The Effects and Experience of Shiatsu:
A Cross-European Study
Complementary health in Europe is practiced in a context of political and legal uncertainty with a few notable exceptions. Generally, it is only available outside the official health care systems, to those who can afford to pay and to those who have the opportunity to inform themselves. While millions of people do use complementary and alternative medicine (CAM), millions of others have no access at all.
CAM’s contribution to health and well being and its role alongside conventional medicine are not well understood. The scope of application is variable and the differences between the many CAM practices are not well known. There is also significant prejudice towards CAM – practitioners have been prosecuted on legal grounds unconnected to either their competence or client complaints. There is not much published research on CAM and most of the existing research examines CAM practices as if they were a form of conventional medicine.
Shiatsu is one of the eight CAM disciplines named in the Collins Report, which was adopted by the European Parliament in 1997. The report called for steps to regulate complementary therapy practice and for more research. Little has been done.
About the ESF
In Japan, where shiatsu originated, it has been an officially recognised paramedical practice since 1952. Shiatsu has been practiced professionally in Europe for around 50 years. It is popular with the public but, until recently, there was no objective evidence of its safety, no extensive data on who uses it or why and no assessment of its benefits. The European Shiatsu Federation identified the need for objective evidence and then designed and financed a study accordingly.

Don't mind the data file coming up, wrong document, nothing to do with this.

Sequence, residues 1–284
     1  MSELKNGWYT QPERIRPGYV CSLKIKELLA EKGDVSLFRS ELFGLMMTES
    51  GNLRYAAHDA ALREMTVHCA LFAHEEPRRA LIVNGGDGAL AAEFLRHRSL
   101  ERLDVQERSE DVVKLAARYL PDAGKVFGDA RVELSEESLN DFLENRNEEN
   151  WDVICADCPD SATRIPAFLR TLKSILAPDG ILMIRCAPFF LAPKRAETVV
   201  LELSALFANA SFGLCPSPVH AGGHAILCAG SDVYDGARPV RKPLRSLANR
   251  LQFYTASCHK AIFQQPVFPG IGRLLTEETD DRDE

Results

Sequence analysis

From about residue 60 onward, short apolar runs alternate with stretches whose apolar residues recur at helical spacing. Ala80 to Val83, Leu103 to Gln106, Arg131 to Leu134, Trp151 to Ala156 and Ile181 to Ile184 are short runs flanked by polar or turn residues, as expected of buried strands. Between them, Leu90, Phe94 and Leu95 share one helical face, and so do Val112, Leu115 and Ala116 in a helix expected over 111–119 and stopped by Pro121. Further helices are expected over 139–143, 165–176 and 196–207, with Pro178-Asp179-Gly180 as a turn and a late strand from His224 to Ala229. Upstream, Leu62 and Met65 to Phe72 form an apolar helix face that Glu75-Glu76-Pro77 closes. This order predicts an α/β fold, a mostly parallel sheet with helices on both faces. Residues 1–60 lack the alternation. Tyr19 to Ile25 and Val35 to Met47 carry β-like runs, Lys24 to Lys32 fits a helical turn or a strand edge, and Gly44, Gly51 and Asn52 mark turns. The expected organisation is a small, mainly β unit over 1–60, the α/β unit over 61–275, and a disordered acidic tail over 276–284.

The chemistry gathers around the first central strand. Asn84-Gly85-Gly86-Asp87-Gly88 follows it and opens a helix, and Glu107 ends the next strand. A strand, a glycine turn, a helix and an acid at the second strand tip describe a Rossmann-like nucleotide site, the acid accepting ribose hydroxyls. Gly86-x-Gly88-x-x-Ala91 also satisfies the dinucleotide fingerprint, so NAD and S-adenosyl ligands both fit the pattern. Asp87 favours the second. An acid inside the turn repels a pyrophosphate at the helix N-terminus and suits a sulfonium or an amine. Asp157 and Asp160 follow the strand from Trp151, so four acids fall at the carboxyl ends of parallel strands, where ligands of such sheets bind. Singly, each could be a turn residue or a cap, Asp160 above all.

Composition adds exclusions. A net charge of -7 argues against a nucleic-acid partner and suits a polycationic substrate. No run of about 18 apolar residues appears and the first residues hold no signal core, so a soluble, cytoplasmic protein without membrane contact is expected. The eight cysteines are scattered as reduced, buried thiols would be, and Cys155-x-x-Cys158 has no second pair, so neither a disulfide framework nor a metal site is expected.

The development of the study design took particular account of the fact that shiatsu practice occurs within the energetic relationship between the practitioner and the client, that it is intuitive in its nature and that it is broad in its guiding philosophy and scope of application. The findings of the study validate an intuitive but practical system with contemporary and rational tools. These findings are now available to the public, the profession, researchers, policy makers and health care providers.
Long A.F. (2007) The Effects and Experience of Shiatsu: A Cross-European Study. Final Report.
Long A.F. (2007) The Practitioners within the Cross-European Shiatsu Study. Their Characteristics and an Insight into Their Practice.
Long A-F. The effectiveness of shiatsu: findings from a cross-European,
prospective observational study. J Altern Complement Med. 2008 Nov 14(8):921-30.
Long A.F. The potential of complementary and alternative medicine in promoting well-being and critical health literacy: a prospective, observational study of shiatsu. BMC Complement Altern Med. 2009 Jun 18;9:19.
Long A.F., Esmonde L. and Connolly S. A typology of negative responses: A case study of shiatsu. Complementary Therapies in Medicine 2009 Jun 17(3): 168-175.
Andrew F. Long
School of Healthcare, University of Leeds
© University of Leeds.